City Considers Transformation of Buckhead into Giant Abandoned Hole a Success

Cranes Tower over the Buckhole for Apparently No Reason PHOTO: Jez Page, Flickr

BUCKHEAD — Atlanta city officials have termed the replacement of numerous entertainment venues in the Buckhead area with a giant, abandoned hole a “complete success.” Over the last five years, bars, restaurants, and nightclubs have been shuttered one by one in anticipation of the city’s newest attraction.

“Atlanta is a beautiful, international city with old-fashioned Southern charm,” related city councilman Snidely Whiplash (R) with a twirl of his well-oiled mustache, “but we always felt it was lacking something. Then it hit us…a giant abandoned hole! What major metropolitan area’s nicest zip code has one of those?”

Once the city had decided upon its visionary plan for the future, developers sprung into action. The formerly Bourbon-Street-esque Buckhead Avenue and Bolling Way were closed to the public so that the haphazard silt fences and head-high weeds could be installed. In a dazzling display of efficiency,construction equipment quickly excavated the cavernous chasm where fuzzy good-time memories had once been made, then immediately vanished.  Monstrous cranes were installed onsite, presumably to survey the enormous pit from above, as opposed to actually building anything new.

The list of bars that were closed down was extensive:  Buckhead Saloon, Robert’s, CJ’s Landing, The Living Room, BAR Atlanta, and Tongue and Groove, among others. Gone forever was Uranus and its associated puns that its owners had never heard before; gone was Mako’s and its “I’m not QUITE a stripper yet” swing, gone were Lulu’s Bait Shack and its fishbowl-fueled rooftop patio with amazing summertime views.  In their places, to the horror of fun-seekers and the city’s lasting delight, are now acres of exposed red clay, a pile of bricks, a hardhat, and seven rusted-out steel drums that harbor a frightening population of mosquito larvae.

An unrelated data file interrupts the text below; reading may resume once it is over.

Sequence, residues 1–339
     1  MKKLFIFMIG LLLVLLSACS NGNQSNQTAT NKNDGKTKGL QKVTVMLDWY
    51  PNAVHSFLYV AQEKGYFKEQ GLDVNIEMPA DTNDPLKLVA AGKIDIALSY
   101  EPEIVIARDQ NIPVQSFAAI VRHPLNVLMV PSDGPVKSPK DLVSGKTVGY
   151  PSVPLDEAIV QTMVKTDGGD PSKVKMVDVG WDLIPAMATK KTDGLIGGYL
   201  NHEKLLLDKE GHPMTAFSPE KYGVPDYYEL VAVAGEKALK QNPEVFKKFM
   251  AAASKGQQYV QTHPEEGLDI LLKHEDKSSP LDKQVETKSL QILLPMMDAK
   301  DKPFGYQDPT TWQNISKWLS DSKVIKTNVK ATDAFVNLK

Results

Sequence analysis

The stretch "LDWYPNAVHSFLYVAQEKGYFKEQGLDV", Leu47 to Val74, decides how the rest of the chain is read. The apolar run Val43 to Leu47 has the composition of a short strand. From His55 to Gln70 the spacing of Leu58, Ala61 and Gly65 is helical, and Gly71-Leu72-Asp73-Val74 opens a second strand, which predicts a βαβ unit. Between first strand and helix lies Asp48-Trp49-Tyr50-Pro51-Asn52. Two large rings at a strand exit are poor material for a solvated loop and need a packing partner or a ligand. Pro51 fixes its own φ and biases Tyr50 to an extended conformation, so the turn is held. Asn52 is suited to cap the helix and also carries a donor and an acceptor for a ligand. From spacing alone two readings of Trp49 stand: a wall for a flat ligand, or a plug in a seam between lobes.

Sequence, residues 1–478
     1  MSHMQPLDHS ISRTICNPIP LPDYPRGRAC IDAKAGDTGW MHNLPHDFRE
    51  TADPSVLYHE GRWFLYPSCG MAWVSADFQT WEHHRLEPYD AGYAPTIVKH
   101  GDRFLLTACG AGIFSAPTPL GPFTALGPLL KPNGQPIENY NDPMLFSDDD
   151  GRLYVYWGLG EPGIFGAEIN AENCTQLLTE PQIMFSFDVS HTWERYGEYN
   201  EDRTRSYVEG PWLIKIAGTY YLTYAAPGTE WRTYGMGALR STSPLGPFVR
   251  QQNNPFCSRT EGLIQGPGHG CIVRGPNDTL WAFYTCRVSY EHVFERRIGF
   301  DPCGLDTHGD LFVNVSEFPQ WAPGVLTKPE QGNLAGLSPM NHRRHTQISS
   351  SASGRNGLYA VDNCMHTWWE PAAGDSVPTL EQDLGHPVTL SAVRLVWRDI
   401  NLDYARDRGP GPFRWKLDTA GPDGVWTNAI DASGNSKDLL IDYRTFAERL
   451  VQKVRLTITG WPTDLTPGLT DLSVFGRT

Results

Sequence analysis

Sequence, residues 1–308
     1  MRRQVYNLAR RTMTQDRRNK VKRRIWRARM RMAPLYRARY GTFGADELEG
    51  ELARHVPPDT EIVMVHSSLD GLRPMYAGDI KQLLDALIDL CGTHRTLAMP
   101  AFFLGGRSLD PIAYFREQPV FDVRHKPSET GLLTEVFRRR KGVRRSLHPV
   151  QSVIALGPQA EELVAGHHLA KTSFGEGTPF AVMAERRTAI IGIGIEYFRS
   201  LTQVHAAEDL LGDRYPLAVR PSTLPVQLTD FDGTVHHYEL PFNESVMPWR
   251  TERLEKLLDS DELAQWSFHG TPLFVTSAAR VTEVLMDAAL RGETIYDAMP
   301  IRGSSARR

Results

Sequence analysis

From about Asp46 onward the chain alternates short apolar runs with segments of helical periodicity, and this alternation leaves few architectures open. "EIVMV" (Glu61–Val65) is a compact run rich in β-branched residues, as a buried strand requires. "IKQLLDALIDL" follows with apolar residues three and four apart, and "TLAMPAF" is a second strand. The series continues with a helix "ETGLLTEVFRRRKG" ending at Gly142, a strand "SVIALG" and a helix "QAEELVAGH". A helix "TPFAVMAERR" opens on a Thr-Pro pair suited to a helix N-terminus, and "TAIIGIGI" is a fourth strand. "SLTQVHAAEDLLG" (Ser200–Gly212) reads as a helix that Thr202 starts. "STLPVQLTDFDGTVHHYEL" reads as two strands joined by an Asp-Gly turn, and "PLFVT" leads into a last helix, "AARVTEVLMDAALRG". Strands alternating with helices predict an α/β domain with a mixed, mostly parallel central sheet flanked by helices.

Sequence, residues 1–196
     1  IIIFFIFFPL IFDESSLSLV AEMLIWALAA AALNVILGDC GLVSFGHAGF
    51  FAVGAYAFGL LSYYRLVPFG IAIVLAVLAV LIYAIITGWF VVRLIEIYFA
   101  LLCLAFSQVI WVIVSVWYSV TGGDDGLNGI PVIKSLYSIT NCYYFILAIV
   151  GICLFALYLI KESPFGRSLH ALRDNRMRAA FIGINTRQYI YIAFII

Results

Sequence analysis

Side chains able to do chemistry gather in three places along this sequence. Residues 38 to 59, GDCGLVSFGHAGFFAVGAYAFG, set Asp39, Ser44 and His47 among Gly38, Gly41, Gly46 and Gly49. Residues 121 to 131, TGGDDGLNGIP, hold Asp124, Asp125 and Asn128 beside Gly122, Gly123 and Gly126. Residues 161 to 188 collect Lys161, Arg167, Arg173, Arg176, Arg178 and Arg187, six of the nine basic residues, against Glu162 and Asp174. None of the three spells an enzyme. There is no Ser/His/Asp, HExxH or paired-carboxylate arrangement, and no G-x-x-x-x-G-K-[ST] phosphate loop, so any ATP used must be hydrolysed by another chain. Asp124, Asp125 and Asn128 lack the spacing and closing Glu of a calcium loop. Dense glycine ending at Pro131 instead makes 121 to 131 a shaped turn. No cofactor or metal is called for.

“The whole thing really progressed nicely from the get-go,” stated Whiplash, as he adjusted his monocle.  “Our ‘Buckhole’ was beautiful beyond our wildest dreams…and not a penny of sales tax money was coming in from its use, or lack thereof!  The contractors did a phenomenal job.  We asked for a hole, and they delivered it.  The fact that it’s an amazing eyesore is just gravy.”

When asked what plans the city had next for beautification, Whiplash admitted that lingering looks had been taken at Crescent Avenue or the Virginia-Highland neighborhood.

“A landfill, maybe.  Or perhaps a dilapidated salmon cannery. It’s really too soon to say,” laughed Whiplash maniacally, as he drew his cape over his face and backed quickly out the door.


  1. That is some mighty fine word-usin’. Long live the hole. Say, can we buy drinks in there? Put some a strobe light and some “oontz oontz” music and you’ve got yourself quite a little rave factory…

  2. You can’t go back. I left Atlanta in 1999 for Florida, then to Colorado, and just returned to my old haunts to find a huge reconstruction project at Buckhead and Peachtree. Gone forever is the East Village Grill, the rooftop bars, and people watching. As I understand it, all went the way of the re-birthed Underground Atlanta–once the golden child of the city elders that was overtaken by a younger and urban crowd– and soon the Atlantans from the northern burbs stopped coming. Once that money was gone, Underground Atlanta died it’s 2nd death in 20 years, and apparently the same fate befell the storied bars and resturants of Buckhead Ave and Peachtree.

    It’s a dirty secret that wil be discussed in hushed circles, but never admitted: once the affluent denizens of Dunwoody and Alpharetta stopped making Buckhead a destination–it died. The truth hurts, but it’s still the truth.

    • Interesting thoughts, but there were a lot of people hanging out in Buckhead when it got closed down. One by one, leases were not renewed.

      Not exactly the same situation as Underground, I don’t think.

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